Available on PS4 (reviewed), Xbox One and PC
A cynic might view the current micro-trend for upscaling previous-generation games to the Xbox One and PS4 with suspicion – tarting up the visuals of a once-successful game, chucking in all its downloadable content and lobbing it onto a disk seems like a cheap way of maximising assets that would otherwise sit around doing nothing. But it’s impossible to be dismissive of such exercises when they involve games like Dark Souls 2, the RPG that has assumed near-mystical status thanks to masochistic difficulty levels and a vast, epic game-world that drips with mythology and arcana. And with the game’s creator, Hidetaka Miyazaki, feted as the games industry’s man of the moment -- following the acclaim for his latest epic Bloodborne -- Dark Souls 2: Scholar of the First Sin provides the perfect chance to find out what all the critical fuss is about.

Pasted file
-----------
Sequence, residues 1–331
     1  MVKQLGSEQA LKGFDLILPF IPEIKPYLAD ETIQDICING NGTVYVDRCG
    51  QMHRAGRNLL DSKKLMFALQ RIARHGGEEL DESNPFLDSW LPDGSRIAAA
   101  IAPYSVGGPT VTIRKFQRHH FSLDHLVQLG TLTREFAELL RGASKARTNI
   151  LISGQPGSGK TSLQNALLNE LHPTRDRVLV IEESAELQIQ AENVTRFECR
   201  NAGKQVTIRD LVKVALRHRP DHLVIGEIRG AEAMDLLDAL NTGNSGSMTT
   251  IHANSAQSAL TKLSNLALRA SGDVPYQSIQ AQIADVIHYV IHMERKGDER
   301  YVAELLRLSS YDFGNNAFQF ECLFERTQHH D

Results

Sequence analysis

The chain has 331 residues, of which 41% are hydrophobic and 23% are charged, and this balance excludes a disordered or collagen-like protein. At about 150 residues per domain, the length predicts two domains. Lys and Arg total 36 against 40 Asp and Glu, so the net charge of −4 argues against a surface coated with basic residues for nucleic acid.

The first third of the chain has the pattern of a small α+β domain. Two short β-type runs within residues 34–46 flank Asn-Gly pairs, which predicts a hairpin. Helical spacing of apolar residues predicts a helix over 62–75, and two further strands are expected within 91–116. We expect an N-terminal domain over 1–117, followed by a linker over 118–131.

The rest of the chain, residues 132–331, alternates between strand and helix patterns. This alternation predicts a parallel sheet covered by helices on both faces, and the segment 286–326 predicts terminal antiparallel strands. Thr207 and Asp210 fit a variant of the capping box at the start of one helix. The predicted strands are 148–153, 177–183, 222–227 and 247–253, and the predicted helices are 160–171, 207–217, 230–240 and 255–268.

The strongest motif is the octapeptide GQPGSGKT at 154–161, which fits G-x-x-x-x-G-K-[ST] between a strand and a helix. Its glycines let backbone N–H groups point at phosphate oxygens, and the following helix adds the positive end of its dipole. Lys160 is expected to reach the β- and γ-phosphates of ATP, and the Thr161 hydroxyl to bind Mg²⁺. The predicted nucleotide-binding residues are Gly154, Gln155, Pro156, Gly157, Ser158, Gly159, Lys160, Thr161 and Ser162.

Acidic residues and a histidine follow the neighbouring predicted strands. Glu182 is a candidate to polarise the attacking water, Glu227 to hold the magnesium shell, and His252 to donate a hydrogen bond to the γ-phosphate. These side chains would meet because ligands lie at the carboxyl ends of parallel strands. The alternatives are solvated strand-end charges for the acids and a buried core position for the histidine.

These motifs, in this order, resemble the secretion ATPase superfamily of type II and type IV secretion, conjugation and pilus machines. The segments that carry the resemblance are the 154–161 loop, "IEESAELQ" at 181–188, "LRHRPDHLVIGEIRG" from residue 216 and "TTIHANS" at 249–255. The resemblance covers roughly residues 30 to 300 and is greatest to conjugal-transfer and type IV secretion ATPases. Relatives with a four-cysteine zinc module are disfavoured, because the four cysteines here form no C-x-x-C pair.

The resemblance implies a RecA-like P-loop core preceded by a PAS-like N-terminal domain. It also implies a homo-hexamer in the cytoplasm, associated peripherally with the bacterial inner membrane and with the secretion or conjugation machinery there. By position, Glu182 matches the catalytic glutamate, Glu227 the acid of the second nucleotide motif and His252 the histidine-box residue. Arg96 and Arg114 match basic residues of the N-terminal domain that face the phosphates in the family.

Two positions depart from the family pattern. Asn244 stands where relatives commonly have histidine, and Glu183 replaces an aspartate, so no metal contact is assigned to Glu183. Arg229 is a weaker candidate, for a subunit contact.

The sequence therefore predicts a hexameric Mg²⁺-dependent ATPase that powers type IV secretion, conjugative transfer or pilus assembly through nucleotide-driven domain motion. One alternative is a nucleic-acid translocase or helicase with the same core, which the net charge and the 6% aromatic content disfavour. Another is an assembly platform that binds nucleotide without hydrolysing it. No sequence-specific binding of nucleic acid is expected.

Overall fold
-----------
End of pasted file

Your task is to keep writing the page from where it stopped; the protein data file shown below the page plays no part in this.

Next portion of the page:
It’s true that Scholar of the First Sin conforms to the upscaling stereotype of higher-resolution visuals and inclusion of DLC, but it’s far from a mere box-ticking exercise. Thanks to the simple device of moving and swapping many of the game’s myriad enemies, it develops a completely different ebb and flow than the original version. Areas where once you may have expected a bit of a breather (admittedly a rarity in a Dark Souls game) might have sprouted, for example, an array of enemies playing dead, who rise and attack when you approach, forcing you to tread a careful path so that you can pick them off one by one. Even some of the game’s more crucial objects now reside in different places. Scholar of the First Sin has been remixed with a loving approach designed to include even those who devoted large chunks of their lives to the PS3 and Xbox 360 original.